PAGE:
it would be better just to leave. Finally, he had decided to drop the sweater off in the doorway and leave. The following night, when Lorna came over to his place, she denied ever hearing him knock. She claimed that they were planning a rally about something or other and that they were probably too busy, too engrossed in their project, to hear him. Elson had shaken his head and smiled.
, he’d said, borrowing an expression from Lorna herself, an expression that she often used when she wanted to dismiss him. And then he’d stood up and walked into the kitchen for a beer.
Now, sitting in the dim-lit glow of the Brunswick Hotel bar, Elson finds himself wondering whether he should have handled it differently or whether it would have even mattered. He looks over toward the bartender and motions at his glass. A moment later, the bartender walks over and fills it. He’s a young man, this bartender, and fit. He reminds him of some of the boys that his son, Richard, used to bring over to the house.
“Looks like it’s going to break,” the bartender says, nodding toward the window.
“The storm,” he says. “Looks like it’s going to be a bad one.”
Elson stares out the window and realizes that the sky has darkened, the clouds from the east moving in over the city like a fog.
“Good,” he says.
“You looking for a storm?”
“You could say that.”
The bartender stares at him quizzically, then smiles. “I’ve seen you here before, haven’t I? Last Tuesday.”
“Maybe,” Elson says. “I come here a lot.”
The bartender nods. “You know, I actually just started here last week.” He smiles at him. “Just moved down here from Austin.”
Elson nods again. He can tell that this bartender is looking for a conversation, maybe even wanting to ask him something personal, so he quickly turns away, staring at the wall on the far end of the bar until the bartender finally leaves.
When he comes back a few minutes later, Elson pulls out his wallet. “How much do I owe you?” he asks.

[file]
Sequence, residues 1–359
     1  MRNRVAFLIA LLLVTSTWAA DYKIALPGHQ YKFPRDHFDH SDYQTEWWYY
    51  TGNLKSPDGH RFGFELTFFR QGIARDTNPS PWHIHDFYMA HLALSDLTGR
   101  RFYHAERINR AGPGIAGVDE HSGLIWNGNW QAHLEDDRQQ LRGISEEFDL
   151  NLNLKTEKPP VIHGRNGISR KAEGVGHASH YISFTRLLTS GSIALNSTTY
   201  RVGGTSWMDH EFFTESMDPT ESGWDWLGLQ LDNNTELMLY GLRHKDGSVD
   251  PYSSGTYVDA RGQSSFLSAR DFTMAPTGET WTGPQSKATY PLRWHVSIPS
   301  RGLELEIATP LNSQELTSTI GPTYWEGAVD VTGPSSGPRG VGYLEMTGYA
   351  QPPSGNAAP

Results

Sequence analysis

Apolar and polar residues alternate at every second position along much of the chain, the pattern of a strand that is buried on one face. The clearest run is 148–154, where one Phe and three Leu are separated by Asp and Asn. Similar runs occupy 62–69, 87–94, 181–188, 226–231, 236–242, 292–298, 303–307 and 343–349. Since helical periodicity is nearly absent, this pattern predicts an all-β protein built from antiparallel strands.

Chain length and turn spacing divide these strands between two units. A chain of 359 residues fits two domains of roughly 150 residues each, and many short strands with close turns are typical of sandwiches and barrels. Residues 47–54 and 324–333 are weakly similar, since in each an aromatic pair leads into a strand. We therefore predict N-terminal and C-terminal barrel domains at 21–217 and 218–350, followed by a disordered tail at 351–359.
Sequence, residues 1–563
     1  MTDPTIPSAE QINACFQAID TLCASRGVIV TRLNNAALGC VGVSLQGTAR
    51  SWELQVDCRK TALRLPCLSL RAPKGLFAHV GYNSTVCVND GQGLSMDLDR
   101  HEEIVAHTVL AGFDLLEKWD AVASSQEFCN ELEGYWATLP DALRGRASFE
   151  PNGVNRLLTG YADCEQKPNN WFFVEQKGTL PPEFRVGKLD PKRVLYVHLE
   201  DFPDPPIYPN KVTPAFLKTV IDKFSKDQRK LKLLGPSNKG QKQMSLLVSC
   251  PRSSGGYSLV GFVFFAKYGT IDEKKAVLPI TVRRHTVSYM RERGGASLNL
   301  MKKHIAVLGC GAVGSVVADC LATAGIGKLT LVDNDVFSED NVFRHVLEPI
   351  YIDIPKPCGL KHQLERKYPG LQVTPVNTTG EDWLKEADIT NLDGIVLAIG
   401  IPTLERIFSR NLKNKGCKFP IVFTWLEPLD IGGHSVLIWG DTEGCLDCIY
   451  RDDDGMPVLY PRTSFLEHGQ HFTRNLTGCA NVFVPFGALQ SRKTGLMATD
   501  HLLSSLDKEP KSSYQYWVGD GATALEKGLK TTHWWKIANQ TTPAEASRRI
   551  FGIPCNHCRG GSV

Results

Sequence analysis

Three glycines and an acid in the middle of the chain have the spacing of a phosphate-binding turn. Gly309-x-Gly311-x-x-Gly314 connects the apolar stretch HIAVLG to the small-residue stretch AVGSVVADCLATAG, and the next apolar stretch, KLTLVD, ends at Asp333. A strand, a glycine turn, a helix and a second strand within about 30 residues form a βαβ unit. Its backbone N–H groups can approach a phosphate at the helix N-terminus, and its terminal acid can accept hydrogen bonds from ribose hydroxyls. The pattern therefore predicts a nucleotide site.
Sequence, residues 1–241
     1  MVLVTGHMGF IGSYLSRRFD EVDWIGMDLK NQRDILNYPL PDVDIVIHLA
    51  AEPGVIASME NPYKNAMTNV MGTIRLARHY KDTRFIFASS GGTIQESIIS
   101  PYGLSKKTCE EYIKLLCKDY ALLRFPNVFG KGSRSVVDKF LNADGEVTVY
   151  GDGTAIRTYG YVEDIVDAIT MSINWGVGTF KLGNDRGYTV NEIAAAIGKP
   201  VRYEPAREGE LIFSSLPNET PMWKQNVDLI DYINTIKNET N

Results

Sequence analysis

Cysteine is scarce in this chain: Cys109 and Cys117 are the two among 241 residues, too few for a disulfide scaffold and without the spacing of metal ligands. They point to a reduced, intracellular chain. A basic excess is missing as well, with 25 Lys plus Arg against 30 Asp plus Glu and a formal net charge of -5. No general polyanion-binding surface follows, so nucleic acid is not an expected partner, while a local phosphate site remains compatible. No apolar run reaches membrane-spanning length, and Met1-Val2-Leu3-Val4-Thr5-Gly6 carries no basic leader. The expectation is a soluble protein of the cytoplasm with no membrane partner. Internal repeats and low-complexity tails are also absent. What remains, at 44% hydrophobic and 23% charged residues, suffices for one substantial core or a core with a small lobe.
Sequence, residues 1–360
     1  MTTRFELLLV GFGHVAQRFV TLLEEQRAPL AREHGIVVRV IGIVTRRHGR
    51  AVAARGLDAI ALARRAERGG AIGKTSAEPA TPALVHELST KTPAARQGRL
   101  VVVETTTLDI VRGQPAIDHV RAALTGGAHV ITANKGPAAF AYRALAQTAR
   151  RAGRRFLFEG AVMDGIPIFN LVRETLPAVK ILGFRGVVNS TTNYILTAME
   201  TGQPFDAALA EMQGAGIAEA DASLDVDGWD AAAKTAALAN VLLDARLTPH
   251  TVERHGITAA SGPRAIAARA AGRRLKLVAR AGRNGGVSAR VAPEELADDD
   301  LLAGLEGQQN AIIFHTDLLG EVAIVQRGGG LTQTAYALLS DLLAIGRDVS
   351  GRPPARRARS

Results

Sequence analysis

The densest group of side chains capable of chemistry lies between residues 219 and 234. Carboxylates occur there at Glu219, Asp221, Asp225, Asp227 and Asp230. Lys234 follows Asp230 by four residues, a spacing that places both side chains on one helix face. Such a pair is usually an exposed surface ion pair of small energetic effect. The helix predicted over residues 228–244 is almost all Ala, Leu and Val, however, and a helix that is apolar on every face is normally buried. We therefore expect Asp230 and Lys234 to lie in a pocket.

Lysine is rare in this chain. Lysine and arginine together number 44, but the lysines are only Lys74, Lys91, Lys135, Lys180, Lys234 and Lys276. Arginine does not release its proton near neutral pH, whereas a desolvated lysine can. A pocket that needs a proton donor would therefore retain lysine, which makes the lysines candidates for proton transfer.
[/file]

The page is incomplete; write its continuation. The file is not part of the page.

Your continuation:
• • •
Later, as he stands outside the front lobby of the Brunswick Hotel, waiting for his car, Elson lights a cigarette and watches the sky grow dark, the palm trees in the distance swaying hypnotically in the wind. He wonders why he acted the way he had at the bar and whether or not he has ruined the Brunswick Hotel forever. He looks across the street and thinks of Lorna and realizes that the promise of the night has suddenly vanished. He wants to go home and sleep it off.
The valets are putting on rain parkas with the hotel logo printed on the back, and when his car comes up the ramp, they all swarm in around him, holding out their arms, swinging an umbrella above his head. He tips them generously and takes off, realizing it might be a long time before he returns here again.
Outside the edge of downtown Houston, he stops at a light and checks his messages. He is hoping for a call from Lorna, hoping for a last-minute cancellation or maybe a change of plans, but instead what he sees is a long list of messages from his ex-wife, Cadence, each one spaced out by a couple of minutes, most of them left in the past half hour. He pulls over on the side of the road and calls her up, feeling a sense of uneasiness, a sense of dread. The last time they spoke, almost a month before, he had vowed never to call her again directly, to handle all of their future correspondences through e-mail or perhaps a third party. The last time they spoke, she had called him a monster, a term that had stung him so deeply that it had taken him several days to shake it off.
He expects that Cadence will want to pick up where she left off the last time they spoke, but when she answers the phone, her voice is surprisingly calm.
“What’s the emergency?” he says.
“What do you mean?”
“Well, you called me—let’s see—seven times.”
“Oh,” she says and pauses. “No emergency.”
“You just wanted to talk?”
“No,” she says. “I wanted to tell you something.”
Outside the window, the rain is coming down hard now, obscuring his view of everything. He turns off the windshield wipers and waits for her to finish.
“I wanted to tell you that Chloe is going to be coming home tonight and that she’s going to be staying with me for a while.”
“What do you mean?”
“I mean simply that.”
“Doesn’t she have classes?”
“Well, no. Not at the moment.” She pauses. “She’s been asked to take a leave.”
“A leave from school?”
Elson feels his pulse quicken. “What are you talking about?”
“Just what I said. She’s been asked to take a leave for the rest of the semester.”
“She’s been expelled?”
“Well, no, not exactly. It’s more complicated than that.”